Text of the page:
What is a SAR?
The FCC has adopted limits for safe exposure to radiofrequency (RF) energy. These limits are given in terms of a unit referred to as the Specific Absorption Rate (SAR), which is a measure of the amount of radio frequency energy absorbed by the body when using a mobile phone. The FCC requires cell phone manufacturers to ensure that their phones comply with these objective limits for safe exposure. Any cell phone at or below these SAR levels (that is, any phone legally sold in the U.S.) is a "safe" phone, as measured by these standards. The FCC limit for public exposure from cellular telephones is an SAR level of 1.6 watts per kilogram (1.6 W/kg).
The SAR is a value that corresponds to the relative amount of RF energy absorbed in the head of a user of a wireless handset. The FCC limit for public exposure from cellular telephones is an SAR level of 1.6 watts per kilogram (1.6 W/kg). Specific Absorption Rate (SAR) for Wireless Phones and Devices Available at various Web sites.
Find out how much radiation you cell phone emits!
The easiest way to ascertain SAR for many cellular phones is via the FCC's links to individual manufacturers' Web sites farther down on this page. We have links to most manufacturers' Web pages that include SAR information for their phones, along with instructions on how to search each site for SAR information.
You can also obtain SAR information on many cellular phones from the FCC's database if you have the FCC ID number of the phone or device and if it was produced and marketed within the last 1-2 years. It's a bit more complicated but here are the steps:
The FCC ID number is usually shown somewhere on the case of the phone or device. In many cases, you will have to remove the battery pack to find the number. Once you have the number proceed as follows. Go to the following Web address: www.fcc.gov/oet/fccid . Once you are there you will see instructions for inserting the FCC ID number. Enter the FCC ID number (in two parts as indicated: "Grantee Code" is comprised of the first three characters, the "Equipment Product Code" is the remainder of the FCC ID). Then click on "Start Search." The grant of equipment authorization for this particular ID number should appear. Look through the grant for the section on SAR compliance, certification of compliance with FCC rules for RF exposure or similar language. This section should contain the value(s) for typical or maximum SAR for your phone.
Find your phone's emission levels in 4 steps:
- go to www.fcc.gov/oet/fccid (To search for an SAR value on this site consumers will need the FCC ID number for a phone, this is not the same as the manufacturer's model number for the phone. The FCC ID number for a phone is usually found on a sticker located on the phone under the battery.)
- fill in the Grantee Code search box with the first three numbers and/or digits of the FCC ID number
- fill in the Equipment Product Code search box with the rest of the numbers in the ID; run the search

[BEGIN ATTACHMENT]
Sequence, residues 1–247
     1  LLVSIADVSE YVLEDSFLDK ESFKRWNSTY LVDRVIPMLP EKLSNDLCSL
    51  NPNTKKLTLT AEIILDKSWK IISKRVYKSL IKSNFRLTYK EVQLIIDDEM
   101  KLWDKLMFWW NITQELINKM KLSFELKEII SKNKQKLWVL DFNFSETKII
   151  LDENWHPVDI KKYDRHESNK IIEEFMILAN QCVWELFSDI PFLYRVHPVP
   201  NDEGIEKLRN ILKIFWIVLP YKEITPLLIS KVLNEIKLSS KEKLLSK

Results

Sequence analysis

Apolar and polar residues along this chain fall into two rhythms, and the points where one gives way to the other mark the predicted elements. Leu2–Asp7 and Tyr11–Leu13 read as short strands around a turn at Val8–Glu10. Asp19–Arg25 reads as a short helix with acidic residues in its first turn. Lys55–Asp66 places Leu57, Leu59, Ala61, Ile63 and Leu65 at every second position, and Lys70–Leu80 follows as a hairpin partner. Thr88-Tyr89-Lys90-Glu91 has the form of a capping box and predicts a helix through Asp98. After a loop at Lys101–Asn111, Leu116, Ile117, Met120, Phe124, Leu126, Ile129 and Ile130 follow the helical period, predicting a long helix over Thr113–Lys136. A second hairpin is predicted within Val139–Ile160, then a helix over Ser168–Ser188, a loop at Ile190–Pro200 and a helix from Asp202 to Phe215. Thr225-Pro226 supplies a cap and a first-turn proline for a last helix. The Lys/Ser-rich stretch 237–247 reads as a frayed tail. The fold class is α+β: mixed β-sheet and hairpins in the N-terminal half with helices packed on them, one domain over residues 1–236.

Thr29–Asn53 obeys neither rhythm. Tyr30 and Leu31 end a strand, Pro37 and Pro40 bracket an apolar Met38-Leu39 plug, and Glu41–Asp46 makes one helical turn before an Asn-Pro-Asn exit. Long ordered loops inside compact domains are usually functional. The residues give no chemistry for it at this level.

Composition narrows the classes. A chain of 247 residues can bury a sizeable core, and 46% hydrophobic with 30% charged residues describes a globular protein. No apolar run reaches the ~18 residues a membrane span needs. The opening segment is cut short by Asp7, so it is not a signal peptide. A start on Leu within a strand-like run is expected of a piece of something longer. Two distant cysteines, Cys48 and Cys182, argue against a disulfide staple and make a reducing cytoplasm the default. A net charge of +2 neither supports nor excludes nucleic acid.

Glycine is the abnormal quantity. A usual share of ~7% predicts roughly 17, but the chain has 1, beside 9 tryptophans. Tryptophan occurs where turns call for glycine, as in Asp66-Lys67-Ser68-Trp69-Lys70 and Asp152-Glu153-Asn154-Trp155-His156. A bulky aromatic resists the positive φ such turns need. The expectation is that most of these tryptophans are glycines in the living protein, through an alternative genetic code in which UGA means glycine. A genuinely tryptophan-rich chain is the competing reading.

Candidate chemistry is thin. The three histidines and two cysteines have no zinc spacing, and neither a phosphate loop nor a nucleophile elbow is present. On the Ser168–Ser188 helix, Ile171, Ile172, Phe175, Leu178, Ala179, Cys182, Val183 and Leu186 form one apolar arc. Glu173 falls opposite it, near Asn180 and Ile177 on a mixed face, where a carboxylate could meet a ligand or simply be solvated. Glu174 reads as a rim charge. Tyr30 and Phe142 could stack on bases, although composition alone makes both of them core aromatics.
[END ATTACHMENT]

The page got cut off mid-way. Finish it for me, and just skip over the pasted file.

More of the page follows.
- click on Display Grant on the search results page and the SAR values can be found towards the bottom of the page.
What if you have an older phone?
SAR information on older model phones can be found through the FCC's website - www.fcc.gov/oet/fccid - and performing the same search as for new phones. However, the SAR information for older phones will be found in the Display Exhibits section, rather than the Display Grant section. Information on some older model phones can also be found by contacting the manufacturer of your phone directly or by visiting their website.
For portable phones and devices authorized since June 2, 2000 , maximum SAR levels should be noted on the grant of equipment authorization. For phones and devices authorized between about mid-1998 and June 2000, detailed information on SAR levels is typically found in the "exhibits" associated with the grant of equipment authorization. Therefore, once a grant is accessed these exhibits can be viewed by clicking on the appropriate entry labeled "View Exhibit."
Electronic records for FCC equipment authorization grants were initiated in 1998. Therefore, prior to this date FCC records for grants are in the form of paper records that are not part of our electronic database. At this time, due to staff limitations, we are unable to routinely search through FCC paper records to extract SAR information for grants filed prior to mid- to late-1998.
If you want additional consumer information on safety of cell phones and other transmitting devices please consult the information available below at this Web Site. In particular, you may wish to read or download our OET Bulletin 56 (see "RF Safety Bulletins") entitled: "Questions and Answers about Biological Effects and Potential Hazards of Radiofrequency Electromagnetic Fields." If you have any problems or additional questions you may contact us at RF Safety (email@example.com) . [ July 18, 2000 ]You may also wish to consult a consumer update on mobile phone safety published by the U.S. Food and Drug Administration (FDA) that can be found at: www.fda.gov/cdrh/phones .